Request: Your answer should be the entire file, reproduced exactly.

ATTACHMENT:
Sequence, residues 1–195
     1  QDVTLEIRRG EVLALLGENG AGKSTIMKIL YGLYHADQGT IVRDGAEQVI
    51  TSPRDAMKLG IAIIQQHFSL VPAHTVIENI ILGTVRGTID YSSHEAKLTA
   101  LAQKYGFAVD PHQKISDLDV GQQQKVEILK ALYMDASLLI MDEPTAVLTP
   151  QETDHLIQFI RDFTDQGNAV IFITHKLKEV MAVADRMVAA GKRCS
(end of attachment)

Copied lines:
Sequence, residues 1–195
     1  QDVTLEIRRG EVLALLGENG AGKSTIMKIL YGLYHADQGT IVRDGAEQVI
    51  TSPRDAMKLG IAIIQQHFSL VPAHTVIENI ILGTVRGTID YSSHEAKLTA
   101  LAQKYGFAVD PHQKISDLDV GQQQKVEILK ALYMDASLLI MDEPTAVLTP
   151  QETDHLIQFI RDFTDQGNAV IFITHKLKEV MAVADRMVAA GKRCS